(I don’t use the term “reservation wages” because that implies individual utility maximization, whereas the informal minimum wages Banfield spoke of are more like social norms that bind at least as tightly as laws, even if enforced differently.)

Finally, employers may use above-market-clearing efficiency wages themselves precisely for reasons described by Carl Shapiro and Joseph Stiglitz in their 1984 American Economic Review piece: “Equilibrium Unemployment as a Worker Discipline Device.”

PS: I'm sorry -- I wish there was an edit and/or delete feature here.

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In addition, the law of supply and demand is taught in introductory courses because it is the foundation of economics. If a budding economist hopes to have a decent career, he better understand the fundamentals. The fundamentals do not disappear upon further inspection or study.

My point is that just because something is taught as a 'fundamental economic law' does not mean it holds everywhere and every time. This is social science, not the physical sciences. There are countless scenarios where a price floor would increase quantity supplied and reduce quantity demanded. But the basic set-up and presentation of a minimum wage effect based on that theory goes over many assumptions which do not stay still in the real world. There are differences in industries, institutions, labor quality, etc. that the simple version of the theory glosses over when wielded in policy discussions. It is not to say that the theory is wrong or useless. It is a useful theory when people are clear about the implicit assumptions that are not usually stressed when individuals wield the theory to oppose minimum wage increases.

That's kind of why it's referred to as a law - because it holds everywhere and every time. The laws of supply and demand do not ever disappear. This is social science, but that doesn't mean we can simply dismiss economic law when it is inconvenient to our argument.

The logic of price theory applies to wages just as much in theory as it does in practice. If the evidence you claim to discover conflicts with the theory, then you need to examine your methodology and interpretation. If a scientist in the physical sciences discovers during an experiment that the law of gravity was violated, he does not first claim that the law of gravity sometimes does not apply, for whatever reason. He rigorously examines his methodology and interpretations for errors. He only resorts to cautiously dismissing the law of gravity after all other alternatives have been thoroughly exhausted. And of course, he does not ever approach an experiment with the assumption that the law of gravity will not apply.

The purpose of theory is to provide an accurate understanding of how the world operates, and to allow for accurate representations of the past and accurate predictions of the future. If the theory doesn't hold in the real world, then there really is no purpose in it. A theory which only holds some times but not others is really quite useless.

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"The fundamentals do not disappear upon further inspection or study."

No one is claiming they do. However, if there are search frictions in the labor market(which is true) you'd expect that individual firms would be facing a non-vertical labor supply curve. Hence, they would have bargaining power and be able to push wages below MPL.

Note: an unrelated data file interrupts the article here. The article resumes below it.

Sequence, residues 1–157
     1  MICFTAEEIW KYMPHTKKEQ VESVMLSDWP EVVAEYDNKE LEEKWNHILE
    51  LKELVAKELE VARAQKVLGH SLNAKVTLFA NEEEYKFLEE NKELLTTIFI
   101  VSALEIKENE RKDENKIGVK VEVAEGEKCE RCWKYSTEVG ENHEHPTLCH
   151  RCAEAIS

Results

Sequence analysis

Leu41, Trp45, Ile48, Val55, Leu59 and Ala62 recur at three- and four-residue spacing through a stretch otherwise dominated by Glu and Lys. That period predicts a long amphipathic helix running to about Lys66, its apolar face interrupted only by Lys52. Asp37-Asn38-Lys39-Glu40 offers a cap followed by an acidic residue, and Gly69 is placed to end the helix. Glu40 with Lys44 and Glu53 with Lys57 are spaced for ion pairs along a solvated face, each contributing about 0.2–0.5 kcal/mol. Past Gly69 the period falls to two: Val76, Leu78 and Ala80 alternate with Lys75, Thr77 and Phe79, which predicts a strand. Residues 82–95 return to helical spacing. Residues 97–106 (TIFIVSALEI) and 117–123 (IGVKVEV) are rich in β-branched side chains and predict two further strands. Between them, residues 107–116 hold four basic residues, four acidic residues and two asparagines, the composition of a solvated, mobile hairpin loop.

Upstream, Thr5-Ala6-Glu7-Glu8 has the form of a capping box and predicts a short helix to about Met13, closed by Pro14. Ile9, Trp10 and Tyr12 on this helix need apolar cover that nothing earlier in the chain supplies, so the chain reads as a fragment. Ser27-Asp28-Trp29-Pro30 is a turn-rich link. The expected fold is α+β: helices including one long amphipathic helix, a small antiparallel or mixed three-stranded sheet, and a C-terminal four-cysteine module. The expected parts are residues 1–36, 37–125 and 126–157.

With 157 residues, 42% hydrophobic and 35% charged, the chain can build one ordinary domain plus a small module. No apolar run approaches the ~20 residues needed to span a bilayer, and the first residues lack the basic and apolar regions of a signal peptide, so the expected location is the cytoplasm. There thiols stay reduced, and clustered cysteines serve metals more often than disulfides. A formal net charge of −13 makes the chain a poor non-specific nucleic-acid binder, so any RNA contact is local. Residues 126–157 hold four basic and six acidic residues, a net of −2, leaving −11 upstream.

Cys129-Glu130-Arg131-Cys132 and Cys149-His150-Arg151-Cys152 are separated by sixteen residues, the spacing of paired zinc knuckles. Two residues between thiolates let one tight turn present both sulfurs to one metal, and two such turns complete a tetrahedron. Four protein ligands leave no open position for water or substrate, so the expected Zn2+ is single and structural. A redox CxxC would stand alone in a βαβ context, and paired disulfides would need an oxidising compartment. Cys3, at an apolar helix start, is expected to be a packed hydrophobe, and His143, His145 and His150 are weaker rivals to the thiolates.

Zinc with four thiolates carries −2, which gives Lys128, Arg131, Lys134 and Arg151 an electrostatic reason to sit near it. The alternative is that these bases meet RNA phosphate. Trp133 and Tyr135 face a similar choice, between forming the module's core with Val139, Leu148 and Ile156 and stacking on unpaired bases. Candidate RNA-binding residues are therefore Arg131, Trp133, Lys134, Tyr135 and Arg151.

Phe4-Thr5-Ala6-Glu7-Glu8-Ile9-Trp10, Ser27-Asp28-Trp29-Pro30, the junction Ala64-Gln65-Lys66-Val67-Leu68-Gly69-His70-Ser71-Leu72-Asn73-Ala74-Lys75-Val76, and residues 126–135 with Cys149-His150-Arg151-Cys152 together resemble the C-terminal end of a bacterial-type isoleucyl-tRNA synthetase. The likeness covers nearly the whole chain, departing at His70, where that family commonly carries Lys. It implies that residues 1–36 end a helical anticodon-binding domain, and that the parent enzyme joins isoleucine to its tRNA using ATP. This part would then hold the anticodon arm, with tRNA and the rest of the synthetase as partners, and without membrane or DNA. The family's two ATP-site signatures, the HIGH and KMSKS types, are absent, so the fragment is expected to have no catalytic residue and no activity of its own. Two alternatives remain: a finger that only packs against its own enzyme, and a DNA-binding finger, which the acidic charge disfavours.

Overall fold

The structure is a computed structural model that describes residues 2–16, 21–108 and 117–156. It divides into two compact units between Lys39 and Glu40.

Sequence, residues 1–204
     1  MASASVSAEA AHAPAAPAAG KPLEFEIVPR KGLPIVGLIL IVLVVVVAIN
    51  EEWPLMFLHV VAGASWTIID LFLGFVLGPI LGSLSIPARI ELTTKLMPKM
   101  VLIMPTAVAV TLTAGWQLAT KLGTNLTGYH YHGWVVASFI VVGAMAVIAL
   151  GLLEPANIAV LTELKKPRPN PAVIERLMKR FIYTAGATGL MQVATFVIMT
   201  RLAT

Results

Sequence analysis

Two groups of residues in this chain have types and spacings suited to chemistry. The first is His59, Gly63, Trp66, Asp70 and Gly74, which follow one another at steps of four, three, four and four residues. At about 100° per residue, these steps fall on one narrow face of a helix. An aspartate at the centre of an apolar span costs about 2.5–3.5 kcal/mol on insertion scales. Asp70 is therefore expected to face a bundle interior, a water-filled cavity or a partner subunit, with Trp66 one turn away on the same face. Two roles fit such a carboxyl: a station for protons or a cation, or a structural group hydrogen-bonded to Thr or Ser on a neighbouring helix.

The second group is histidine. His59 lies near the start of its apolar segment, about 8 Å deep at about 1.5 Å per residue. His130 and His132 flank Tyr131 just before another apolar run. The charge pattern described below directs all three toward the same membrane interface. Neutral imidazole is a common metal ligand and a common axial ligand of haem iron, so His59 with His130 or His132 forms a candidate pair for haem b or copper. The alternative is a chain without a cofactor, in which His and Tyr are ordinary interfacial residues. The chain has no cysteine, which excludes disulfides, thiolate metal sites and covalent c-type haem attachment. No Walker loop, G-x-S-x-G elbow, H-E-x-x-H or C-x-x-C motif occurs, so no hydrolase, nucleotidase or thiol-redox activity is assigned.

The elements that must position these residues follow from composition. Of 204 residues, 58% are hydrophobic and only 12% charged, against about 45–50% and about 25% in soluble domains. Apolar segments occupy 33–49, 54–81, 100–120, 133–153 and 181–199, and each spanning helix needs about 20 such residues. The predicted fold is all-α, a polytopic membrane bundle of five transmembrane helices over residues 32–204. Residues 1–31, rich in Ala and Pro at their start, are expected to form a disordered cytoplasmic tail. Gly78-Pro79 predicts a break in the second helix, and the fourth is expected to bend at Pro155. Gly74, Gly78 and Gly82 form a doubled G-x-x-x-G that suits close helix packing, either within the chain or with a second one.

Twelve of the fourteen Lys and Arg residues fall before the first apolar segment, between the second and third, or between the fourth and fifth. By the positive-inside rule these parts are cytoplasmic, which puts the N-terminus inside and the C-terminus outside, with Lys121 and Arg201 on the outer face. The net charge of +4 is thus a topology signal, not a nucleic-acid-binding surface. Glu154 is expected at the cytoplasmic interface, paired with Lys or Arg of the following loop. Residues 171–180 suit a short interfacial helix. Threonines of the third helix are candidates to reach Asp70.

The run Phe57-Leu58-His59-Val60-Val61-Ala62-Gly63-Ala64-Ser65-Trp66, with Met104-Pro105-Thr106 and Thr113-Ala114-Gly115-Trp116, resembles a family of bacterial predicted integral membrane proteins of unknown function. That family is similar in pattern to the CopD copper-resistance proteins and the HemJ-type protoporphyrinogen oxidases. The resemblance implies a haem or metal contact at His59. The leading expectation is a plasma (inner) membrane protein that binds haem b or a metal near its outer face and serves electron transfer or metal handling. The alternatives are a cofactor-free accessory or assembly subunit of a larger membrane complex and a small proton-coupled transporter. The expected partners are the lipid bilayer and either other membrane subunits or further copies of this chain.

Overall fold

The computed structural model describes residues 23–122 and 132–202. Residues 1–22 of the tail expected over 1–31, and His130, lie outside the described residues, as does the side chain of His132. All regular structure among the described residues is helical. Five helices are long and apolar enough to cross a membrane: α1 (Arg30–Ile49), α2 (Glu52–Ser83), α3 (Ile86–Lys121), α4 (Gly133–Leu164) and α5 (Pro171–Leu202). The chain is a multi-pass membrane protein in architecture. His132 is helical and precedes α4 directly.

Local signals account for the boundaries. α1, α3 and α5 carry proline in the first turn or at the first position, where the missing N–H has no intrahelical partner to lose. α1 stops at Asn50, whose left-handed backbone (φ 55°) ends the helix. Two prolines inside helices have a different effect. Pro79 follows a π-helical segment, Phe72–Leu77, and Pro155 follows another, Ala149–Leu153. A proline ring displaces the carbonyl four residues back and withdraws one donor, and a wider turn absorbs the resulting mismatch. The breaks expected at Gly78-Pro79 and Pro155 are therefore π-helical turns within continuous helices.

If you took Econ 101 you should recall learning about how a monopoly will set prices too high - in which case a price ceiling would increase the market's efficiency. This is the converse.

So you're assuming a monopsony. Do you have any evidence of monopsony power in the labor market?

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The C and K paper is used and abused and stretched way beyond any realistic application.

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Shouldn't push-cart vending be universally legalized?

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I wonder is Tyler could explain his criteria for determining which papers should get a lot attention. Is it that they have dramatic results? That they support his viewpoints? Both?

Does Tyler assess and endorse the quality and robustness of the methodology and its interpretation before making recommendations?

I've seen too many studies with eye-popping results and "shout it from the roof tops" recommendations here, only to find that the methodology is suspect or does not really support the implications being made.

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Income is strongly correlated with IQ/intelligence -- and there is good reason to think there is a causal link.

Are there any studies that look at the effects of a minimum wage on people of varying IQs? There's good reason to think the benefits and/or costs of a min. wage hike might not be equally distributed across the measured population.

There is a loose correlation. There is the obvious causal link that the product of an intelligent person's labor will likely be more valuable to others than the product of an unintelligent person's labor. However, this does not always hold. Many intelligent people have no motivation to be especially productive (janitors with PhDs), and many unintelligent people just happen to be extremely productive at some particular activity that others value greatly (many professional athletes).

There's probably not much to learn from the effects on varying IQs. It takes a lot more than an IQ to productively participate in the economy.

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The correlation between IQ and income is by no means loose. Obviously, there are exceptions at the individual/micro level. But the macro correlations are obvious and very real.

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Would it be fair to say that now, the economic consensus around the minimum wage is that there is no economic consensus around the minimum wage?